Jul 2 2013
Illustrations by Cristina Peral
I didn’t mean to make a baby with Scott in the closet, on ecstasy, the floor pulsing to the bass of the house music, strobe lights flickering through the crack under the door. Back rubs with agendas were happening everywhere. It was another death experiment.
I was an opportunist. Scott never fucked unless he was high or drunk. He never initiated sex at all.
I was on top.
Maybe I did mean to kindle life out of a pile of bodies.
His torso is the barrel of a horse’s chest. I breathed in time with him. It made me dizzy. The pounding of his great, big bloody heart inside of all that air made me crazy.
It felt good, like death. It felt like Prozac a million, million times over. We were everyone in the house, and whatever we were was going to bust out of the walls. I clawed the peeling plaster. The house was crumbling. He was gone behind his arm.
When I first met Scott, he had beautiful long hair and wore his mother’s skirts and nail polish. He wore my lipstick. When I presented myself, he balked. He said love was too strong a word.
I loved watching him melt.
He was shuddering. I fell down on him. I whispered. “Oh my God, I want to die.”
When I got pregnant, the whole goddamned thing collapsed. I asked Scott to buy me a pregnancy test. He bought beer instead. I sat on the floor and drank beer. I told them all. Scott and Chuck and everyone who slept at the Mad Hatter. When I told them, it sobered everyone but Scott, and they all moved out except him.
One night Scott came home with his eyes looking in different directions. He picked me up and threw me on the couch and then he passed out on the stairs. I slapped him until he sobered up enough to let me pull him up the stairs and into his room. When I moved out, nobody fed the cat. Nobody cleaned anything. The garbage piled up.
I tried to forget about Chuck. Scott thought of hanging himself, but he could not find a sturdy rafter.
I moved back to my parents’ house. I didn’t tell them right away that I was back for good. It could have been like the other times I came home and scratched at the window to be let in, passed out on the couch, stole food out of the freezer, and then was gone again. Or, at least, I was making plans to be gone, anyway.
At these times, when I fuck up and bring shame on myself, the shame travels a predestined course out from me, and the shame is amplified.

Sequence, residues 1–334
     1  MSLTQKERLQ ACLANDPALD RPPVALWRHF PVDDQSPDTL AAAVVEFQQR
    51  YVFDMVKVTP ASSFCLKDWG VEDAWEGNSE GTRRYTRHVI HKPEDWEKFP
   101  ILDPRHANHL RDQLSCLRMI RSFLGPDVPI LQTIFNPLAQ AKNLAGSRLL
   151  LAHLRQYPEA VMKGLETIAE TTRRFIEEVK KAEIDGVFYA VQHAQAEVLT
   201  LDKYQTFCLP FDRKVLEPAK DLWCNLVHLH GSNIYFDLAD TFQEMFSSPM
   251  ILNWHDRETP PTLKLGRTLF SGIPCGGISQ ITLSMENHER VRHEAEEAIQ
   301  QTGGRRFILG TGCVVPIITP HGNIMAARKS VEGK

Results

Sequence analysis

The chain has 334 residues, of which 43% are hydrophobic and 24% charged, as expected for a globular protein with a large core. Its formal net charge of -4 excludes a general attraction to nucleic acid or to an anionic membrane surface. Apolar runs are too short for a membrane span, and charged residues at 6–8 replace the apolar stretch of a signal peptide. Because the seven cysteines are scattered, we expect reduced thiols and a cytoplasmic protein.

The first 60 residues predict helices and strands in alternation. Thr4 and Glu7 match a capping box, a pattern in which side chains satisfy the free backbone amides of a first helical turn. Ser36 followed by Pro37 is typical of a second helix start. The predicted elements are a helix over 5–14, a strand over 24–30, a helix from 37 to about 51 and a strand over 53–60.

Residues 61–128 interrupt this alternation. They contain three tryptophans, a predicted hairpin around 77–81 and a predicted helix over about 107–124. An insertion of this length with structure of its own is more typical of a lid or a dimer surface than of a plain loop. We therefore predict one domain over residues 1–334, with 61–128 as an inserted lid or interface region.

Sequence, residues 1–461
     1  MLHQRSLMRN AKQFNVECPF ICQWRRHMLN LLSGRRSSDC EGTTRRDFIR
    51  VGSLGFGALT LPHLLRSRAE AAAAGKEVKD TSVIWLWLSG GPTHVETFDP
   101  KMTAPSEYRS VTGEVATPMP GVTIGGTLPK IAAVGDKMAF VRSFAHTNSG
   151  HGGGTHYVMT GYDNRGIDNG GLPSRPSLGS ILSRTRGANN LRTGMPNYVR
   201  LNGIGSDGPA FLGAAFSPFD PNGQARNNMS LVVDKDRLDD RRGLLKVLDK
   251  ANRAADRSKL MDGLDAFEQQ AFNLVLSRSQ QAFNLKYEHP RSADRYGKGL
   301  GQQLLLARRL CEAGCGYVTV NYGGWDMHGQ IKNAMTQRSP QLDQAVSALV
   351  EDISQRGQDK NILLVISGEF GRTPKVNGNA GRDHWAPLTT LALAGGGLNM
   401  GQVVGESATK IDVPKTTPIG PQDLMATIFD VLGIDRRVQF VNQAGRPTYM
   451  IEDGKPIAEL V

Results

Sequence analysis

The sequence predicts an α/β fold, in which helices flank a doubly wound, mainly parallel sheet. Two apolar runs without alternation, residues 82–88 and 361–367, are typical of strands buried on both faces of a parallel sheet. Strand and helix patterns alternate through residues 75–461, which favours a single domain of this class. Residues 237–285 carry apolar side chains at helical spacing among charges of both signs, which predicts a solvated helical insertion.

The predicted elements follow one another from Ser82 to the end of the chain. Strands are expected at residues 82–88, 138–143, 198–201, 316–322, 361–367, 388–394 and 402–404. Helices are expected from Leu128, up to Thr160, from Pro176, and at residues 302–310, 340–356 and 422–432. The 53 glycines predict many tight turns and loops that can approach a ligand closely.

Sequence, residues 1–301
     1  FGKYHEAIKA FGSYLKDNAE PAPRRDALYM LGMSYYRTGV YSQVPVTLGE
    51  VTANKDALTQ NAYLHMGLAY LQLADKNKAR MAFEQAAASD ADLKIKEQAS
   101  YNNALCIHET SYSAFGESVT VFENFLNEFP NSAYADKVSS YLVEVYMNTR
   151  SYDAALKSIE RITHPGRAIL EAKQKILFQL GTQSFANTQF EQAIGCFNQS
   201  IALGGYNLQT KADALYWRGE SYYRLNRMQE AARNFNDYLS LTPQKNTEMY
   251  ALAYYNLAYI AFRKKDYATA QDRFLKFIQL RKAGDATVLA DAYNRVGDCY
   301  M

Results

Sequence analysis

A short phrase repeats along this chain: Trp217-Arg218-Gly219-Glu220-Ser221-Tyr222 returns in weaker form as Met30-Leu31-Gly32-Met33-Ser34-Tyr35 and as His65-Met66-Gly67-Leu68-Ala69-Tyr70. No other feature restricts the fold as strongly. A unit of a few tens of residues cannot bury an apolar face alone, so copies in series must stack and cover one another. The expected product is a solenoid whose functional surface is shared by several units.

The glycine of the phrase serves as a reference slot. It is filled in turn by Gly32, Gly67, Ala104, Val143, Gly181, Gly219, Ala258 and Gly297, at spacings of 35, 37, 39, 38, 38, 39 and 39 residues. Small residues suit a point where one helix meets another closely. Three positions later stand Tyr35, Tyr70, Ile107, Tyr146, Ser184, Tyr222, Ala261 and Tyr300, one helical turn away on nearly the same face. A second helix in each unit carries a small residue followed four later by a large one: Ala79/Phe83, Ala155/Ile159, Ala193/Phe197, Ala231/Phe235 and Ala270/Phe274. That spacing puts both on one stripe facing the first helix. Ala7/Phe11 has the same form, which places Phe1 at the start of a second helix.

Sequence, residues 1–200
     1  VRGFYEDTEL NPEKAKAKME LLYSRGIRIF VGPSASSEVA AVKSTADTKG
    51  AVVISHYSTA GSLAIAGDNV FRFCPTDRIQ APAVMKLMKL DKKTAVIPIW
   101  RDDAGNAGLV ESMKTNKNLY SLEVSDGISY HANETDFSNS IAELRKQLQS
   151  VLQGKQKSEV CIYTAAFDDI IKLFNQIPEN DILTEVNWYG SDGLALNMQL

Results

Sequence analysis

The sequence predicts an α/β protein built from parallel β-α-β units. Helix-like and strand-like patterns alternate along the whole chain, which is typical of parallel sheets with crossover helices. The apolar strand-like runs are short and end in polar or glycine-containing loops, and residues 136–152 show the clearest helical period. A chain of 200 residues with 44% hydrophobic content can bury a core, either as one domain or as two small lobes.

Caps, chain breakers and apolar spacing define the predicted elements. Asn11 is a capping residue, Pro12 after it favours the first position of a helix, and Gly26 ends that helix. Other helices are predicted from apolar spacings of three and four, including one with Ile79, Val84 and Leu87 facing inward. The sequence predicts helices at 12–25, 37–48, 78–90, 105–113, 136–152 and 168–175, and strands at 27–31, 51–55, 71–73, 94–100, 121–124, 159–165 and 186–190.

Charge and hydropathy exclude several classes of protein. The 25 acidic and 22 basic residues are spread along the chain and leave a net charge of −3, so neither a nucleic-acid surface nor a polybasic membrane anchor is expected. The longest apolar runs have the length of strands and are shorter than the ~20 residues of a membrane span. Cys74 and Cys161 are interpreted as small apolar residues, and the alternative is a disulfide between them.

I told my mom and she cried and swore. Then I backed off and took a shower, got some things together, picked up my keys, and waited for the reverberation.
I was walking toward the front door, past the room where they sit and watch television and drink wine in the evenings, when my dad called my name.
He sat alone on the love seat, staring at something on the wall across the room directly in front of him as he picked his fingernails. My mom, sunk in her own big overstuffed chair, looked at me wide-eyed, the way she does when she is about to say some horrible thing.
“You’re not really going to have this baby, are you?” she asked. The question was mostly breath when it came out.
She said the same thing the last time I got pregnant, when I was 14. Then, the solution was Prozac. This time, my dad made me call and schedule another abortion, while he listened on another phone. After I made my appointment, there was a mandatory informational recording about abortion, and we both listened to it, him in his desk chair, me standing beside him. After we hung up our phones, he told me, “Make sure this never happens again.” He let me go back to my room.
Later I thought to ask her why she wanted to kill all of my babies. How did I live, raised by a woman who kills babies like she’s scooping maggots out of a sink?
“I am going to have this baby,” I said. I said it really quiet. I started to leave.
“Look at you. You can’t take care of a baby. Do you think I’m going to raise this baby for you? I work. I have a life.” She gestured broadly with a glass of Chardonnay.
“How the hell do you know what I can and can’t do?” I felt powerful. Being pregnant is like that—it makes you feel yourself strong.
“I know you’re on drugs. Your sister told me. With all the birth defects in the family, and God knows what drugs. Oh, Jamie.” Then her voice got really soft and sad.
“Jamie, what will you do if the baby is retarded?”
The first time I had an abortion, so that I would not feel the baby, I practiced not feeling anything at all. My mom drove me to the clinic. Then she drove me home. They sent me to vocational school, and we didn’t talk about it anymore.
“Honey, we’ll pay for it. Then you can go back to college. It will be OK.” That’s what my mom said the second time. But it wasn’t any different from my teenage memories.
I told her no, I wouldn’t do it again. I opened the door. As I was leaving I heard my dad say, “I just don’t understand how you turned into such a whore.”
When I came back later, they let me stay, because we’re strapped together. We own one another. Tighter than ever, the baby bound me to them.